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Anthrax Vaccine Supplier Moves Closer to Initial Public Offering

By Michael S. Rosenwald, Washington Post Staff Writer

A Gaithersburg drug company that makes most of its money selling the only federally approved vaccine against anthrax is in the final stages of preparing an initial public offering to raise up to $92 million.

Late last month, Emergent Biosolutions Inc. set the range of its offering at $14 to $16 a share. The company said it intends to use the money on its manufacturing facilities in Frederick and Michigan and to fund development of several products, according to documents filed with the Securities and Exchange Commission.

The company is tightly controlled by Fuad El-Hibri, its chairman and chief executive. El-Hibri, who lives in Potomac, has an extensive background in the telecommunications industry. He and his father have also had significant involvement with a British provider of anthrax vaccines. El-Hibri, who became a U.S. citizen in 1999, was born in Germany and grew up around Europe and the Middle East before attending Stanford and Yale universities.

El-Hibri controls 99.5 percent of the Emergent's outstanding stock. After going public, he will control 81.4 percent. In SEC documents, the company said El-Hibri "will continue to have substantial control over us after this offering, including through his ability to control the election of the members of our board of directors, and could delay or prevent a change of control."

Biotech analysts said Emergent could have a tough time with its initial public offering. Just two biotech companies -- Osiris Therapeutics, a Baltimore biotechnology firm working on stem-cell therapies, is one -- went public in the third quarter, and the market for IPOs in general has been spotty.

According to Thomson Financial, more companies have withdrawn IPOs this year than in any of the previous five years, indicating investors are skeptical of new company stock offerings despite the generally strong market for stocks. And venture capital-backed IPOs, traditionally the most prolific source of new company issues, fell significantly in the third quarter.

Companies that have managed to go public are in a broad range of industries, and those that have had the most success are in tried-and-true money-making or technologically hot industries. For example, locally, government contracting giant SAIC Inc. is up 33 percent since its Oct. 12 IPO. And Osiris Therapeutics is up 89 percent since its August IPO.

Emergent Biosolutions' effort to finish its IPO comes as federal health officials deal with a troubled $877.5 million contract for another anthrax vaccine, made by VaxGen Inc. VaxGen is supposed to provide 75 million doses for the national stockpile, but the Food and Drug Administration recently halted human testing of the California company's vaccine because of concerns about its potency, throwing the entire contract into doubt.

VaxGen's contract was awarded under the Project Bioshield initiative, which seeks to develop modern vaccines and drugs for chemical, biological, radiological or nuclear attacks. VaxGen's proposed anthrax vaccine, if successful, would require fewer doses over a shorter period of time to produce immunity than the older version made by Emergent.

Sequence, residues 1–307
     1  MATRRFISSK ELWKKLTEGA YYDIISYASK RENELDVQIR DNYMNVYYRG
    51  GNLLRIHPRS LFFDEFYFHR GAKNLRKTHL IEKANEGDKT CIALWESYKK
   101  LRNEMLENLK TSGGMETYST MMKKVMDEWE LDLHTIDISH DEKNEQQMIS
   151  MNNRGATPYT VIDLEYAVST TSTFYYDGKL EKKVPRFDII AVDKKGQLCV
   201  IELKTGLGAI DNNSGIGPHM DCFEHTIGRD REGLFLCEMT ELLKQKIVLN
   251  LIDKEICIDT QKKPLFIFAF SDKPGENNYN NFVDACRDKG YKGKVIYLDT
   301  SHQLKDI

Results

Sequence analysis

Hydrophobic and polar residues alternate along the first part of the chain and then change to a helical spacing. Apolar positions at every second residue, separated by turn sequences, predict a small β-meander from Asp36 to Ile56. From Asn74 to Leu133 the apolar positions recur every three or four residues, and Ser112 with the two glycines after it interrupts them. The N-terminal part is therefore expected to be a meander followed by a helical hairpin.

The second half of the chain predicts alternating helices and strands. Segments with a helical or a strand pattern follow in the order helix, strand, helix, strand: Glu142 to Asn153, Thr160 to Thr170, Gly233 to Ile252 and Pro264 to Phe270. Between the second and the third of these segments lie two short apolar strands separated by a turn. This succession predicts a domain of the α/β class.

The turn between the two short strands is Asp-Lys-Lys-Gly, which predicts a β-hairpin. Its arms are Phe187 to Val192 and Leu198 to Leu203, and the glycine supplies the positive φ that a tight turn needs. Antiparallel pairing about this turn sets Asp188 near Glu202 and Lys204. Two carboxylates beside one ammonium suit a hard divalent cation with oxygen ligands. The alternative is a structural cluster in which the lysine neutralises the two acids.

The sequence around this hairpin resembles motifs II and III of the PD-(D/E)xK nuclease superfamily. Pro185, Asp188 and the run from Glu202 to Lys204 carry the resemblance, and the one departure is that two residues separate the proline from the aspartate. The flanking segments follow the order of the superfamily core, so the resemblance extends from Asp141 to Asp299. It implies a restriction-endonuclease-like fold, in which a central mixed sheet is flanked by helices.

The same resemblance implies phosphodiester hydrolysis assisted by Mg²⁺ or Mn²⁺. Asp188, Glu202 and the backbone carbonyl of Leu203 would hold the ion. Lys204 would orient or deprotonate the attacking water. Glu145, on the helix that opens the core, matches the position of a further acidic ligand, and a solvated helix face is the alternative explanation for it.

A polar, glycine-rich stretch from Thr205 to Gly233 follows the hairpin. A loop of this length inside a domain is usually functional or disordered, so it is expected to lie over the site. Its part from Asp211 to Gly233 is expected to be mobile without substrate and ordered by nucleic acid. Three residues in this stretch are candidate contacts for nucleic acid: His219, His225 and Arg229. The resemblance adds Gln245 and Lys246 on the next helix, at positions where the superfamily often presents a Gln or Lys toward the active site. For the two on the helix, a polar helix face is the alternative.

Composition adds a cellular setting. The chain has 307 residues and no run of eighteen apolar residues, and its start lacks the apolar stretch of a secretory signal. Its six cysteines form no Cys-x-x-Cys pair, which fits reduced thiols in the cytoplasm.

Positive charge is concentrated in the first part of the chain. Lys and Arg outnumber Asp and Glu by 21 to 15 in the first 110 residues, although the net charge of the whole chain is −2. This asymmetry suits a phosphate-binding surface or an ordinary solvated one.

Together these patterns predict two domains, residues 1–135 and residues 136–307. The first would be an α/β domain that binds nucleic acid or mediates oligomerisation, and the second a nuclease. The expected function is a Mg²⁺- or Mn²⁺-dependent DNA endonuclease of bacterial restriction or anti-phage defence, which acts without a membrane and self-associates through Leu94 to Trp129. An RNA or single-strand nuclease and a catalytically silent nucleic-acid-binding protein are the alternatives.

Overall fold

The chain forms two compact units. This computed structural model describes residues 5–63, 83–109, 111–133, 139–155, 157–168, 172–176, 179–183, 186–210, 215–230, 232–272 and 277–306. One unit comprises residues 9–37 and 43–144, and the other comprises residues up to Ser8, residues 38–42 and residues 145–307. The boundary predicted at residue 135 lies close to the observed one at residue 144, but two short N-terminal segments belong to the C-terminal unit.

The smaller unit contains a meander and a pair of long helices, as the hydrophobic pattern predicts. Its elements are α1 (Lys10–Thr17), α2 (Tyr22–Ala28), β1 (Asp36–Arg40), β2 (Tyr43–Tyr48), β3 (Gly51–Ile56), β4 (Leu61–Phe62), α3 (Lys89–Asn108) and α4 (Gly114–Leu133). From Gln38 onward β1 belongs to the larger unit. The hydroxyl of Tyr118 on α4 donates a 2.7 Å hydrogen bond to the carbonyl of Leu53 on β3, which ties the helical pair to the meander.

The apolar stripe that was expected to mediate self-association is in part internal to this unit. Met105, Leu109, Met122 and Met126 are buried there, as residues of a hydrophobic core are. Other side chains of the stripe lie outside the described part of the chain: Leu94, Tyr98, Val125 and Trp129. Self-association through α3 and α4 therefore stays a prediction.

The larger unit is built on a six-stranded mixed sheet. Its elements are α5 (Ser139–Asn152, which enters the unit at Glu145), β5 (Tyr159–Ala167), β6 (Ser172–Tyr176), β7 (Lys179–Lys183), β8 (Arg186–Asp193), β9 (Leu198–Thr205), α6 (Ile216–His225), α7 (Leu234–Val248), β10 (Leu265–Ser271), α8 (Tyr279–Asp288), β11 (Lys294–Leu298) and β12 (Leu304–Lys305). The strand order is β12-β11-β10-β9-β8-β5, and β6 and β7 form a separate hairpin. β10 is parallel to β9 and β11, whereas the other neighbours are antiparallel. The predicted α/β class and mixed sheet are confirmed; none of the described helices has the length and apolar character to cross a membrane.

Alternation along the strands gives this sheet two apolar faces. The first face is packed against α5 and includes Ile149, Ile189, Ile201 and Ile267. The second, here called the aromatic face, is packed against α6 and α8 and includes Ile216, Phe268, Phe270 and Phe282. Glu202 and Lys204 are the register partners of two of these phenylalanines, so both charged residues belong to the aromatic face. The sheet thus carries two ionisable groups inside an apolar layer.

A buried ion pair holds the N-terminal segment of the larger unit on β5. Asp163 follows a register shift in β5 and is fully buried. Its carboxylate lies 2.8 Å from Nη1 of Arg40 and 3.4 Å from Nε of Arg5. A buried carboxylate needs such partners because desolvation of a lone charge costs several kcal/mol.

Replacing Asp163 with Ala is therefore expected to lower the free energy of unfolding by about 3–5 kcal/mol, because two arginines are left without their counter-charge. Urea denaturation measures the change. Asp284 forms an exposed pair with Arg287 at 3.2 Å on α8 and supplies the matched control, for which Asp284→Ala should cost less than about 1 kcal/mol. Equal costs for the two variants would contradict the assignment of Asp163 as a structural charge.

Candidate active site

Emergent has been urging Congress and federal health officials to buy more of its anthrax vaccine, called BioThrax, for the stockpile. The efforts are being aided by Louis W. Sullivan, who was health and human services secretary from 1989 to 1993, and Jerome M. Hauer, a former senior HHS official who oversaw public health emergency preparedness. Both men are on Emergent's board.

So far, the government has purchased 10 million doses.

In its SEC filings, Emergent said the government's efforts to stockpile a newer version "would limit, possibly significantly, the market for BioThrax." The company said it is in the early stages of developing a next-generation anthrax vaccine and products for other diseases and bioterrorism agents.

Emergent officials could not comment because the company is in a quiet period before its offering.

While the $5.6 billion Project Bioshield program is potentially the most lucrative outlet for BioThrax, Emergent also sells the vaccine to the Defense Department. Since 1998, the Defense Department has vaccinated 1.5 million people with more than 5.7 million doses, according to SEC documents. It is providing 1.5 million doses to the military through September 2007.

BioThrax has been controversial in the military. Some soldiers have complained of significant side effects and have refused to use the vaccine, leading to a court battle that temporarily stopped mandatory vaccinations. The government recently resumed mandatory vaccinations with BioThrax after the FDA said the vaccine was safe and effective.

John T. McCamant, editor of the Medical Technology Stock Letter, said Emergent's IPO could be particularly difficult because the only customer for bioterrorism products is the government.

"That's a tall trick because the money will come in lumps at best," he said.

Staff writer Terence O'Hara contributed to this report